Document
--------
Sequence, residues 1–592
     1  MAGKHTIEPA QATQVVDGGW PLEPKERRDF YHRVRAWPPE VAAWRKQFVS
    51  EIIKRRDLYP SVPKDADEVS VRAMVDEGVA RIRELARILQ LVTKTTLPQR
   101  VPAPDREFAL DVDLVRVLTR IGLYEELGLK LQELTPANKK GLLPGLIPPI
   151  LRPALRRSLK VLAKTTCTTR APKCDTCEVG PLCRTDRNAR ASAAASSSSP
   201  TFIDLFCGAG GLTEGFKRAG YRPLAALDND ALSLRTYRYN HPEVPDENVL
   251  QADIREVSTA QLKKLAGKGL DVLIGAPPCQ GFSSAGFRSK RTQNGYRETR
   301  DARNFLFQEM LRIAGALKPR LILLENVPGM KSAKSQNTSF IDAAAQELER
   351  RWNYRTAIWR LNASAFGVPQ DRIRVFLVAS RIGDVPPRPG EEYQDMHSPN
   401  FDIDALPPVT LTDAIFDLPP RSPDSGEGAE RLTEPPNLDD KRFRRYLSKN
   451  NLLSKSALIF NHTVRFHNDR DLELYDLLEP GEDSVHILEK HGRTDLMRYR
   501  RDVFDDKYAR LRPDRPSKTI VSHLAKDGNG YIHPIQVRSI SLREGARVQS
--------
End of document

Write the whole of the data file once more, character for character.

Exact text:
Sequence, residues 1–592
     1  MAGKHTIEPA QATQVVDGGW PLEPKERRDF YHRVRAWPPE VAAWRKQFVS
    51  EIIKRRDLYP SVPKDADEVS VRAMVDEGVA RIRELARILQ LVTKTTLPQR
   101  VPAPDREFAL DVDLVRVLTR IGLYEELGLK LQELTPANKK GLLPGLIPPI
   151  LRPALRRSLK VLAKTTCTTR APKCDTCEVG PLCRTDRNAR ASAAASSSSP
   201  TFIDLFCGAG GLTEGFKRAG YRPLAALDND ALSLRTYRYN HPEVPDENVL
   251  QADIREVSTA QLKKLAGKGL DVLIGAPPCQ GFSSAGFRSK RTQNGYRETR
   301  DARNFLFQEM LRIAGALKPR LILLENVPGM KSAKSQNTSF IDAAAQELER
   351  RWNYRTAIWR LNASAFGVPQ DRIRVFLVAS RIGDVPPRPG EEYQDMHSPN
   401  FDIDALPPVT LTDAIFDLPP RSPDSGEGAE RLTEPPNLDD KRFRRYLSKN
   451  NLLSKSALIF NHTVRFHNDR DLELYDLLEP GEDSVHILEK HGRTDLMRYR
   501  RDVFDDKYAR LRPDRPSKTI VSHLAKDGNG YIHPIQVRSI SLREGARVQS